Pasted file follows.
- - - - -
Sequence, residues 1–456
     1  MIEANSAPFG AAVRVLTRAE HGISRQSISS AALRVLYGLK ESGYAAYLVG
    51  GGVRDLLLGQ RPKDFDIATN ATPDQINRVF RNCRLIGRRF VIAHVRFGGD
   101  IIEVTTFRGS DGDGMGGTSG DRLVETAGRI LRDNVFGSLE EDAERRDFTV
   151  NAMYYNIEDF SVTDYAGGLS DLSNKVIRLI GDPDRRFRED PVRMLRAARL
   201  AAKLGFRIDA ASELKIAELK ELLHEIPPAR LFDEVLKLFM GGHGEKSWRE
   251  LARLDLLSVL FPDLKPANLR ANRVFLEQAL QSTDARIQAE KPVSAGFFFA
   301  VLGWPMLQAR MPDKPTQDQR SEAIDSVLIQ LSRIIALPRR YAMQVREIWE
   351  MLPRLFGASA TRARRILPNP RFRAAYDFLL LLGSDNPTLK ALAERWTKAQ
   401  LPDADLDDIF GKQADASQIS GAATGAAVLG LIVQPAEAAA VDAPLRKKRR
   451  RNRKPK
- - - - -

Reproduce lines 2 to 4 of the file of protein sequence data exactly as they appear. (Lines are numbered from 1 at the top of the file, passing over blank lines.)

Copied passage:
     1  MIEANSAPFG AAVRVLTRAE HGISRQSISS AALRVLYGLK ESGYAAYLVG
    51  GGVRDLLLGQ RPKDFDIATN ATPDQINRVF RNCRLIGRRF VIAHVRFGGD
   101  IIEVTTFRGS DGDGMGGTSG DRLVETAGRI LRDNVFGSLE EDAERRDFTV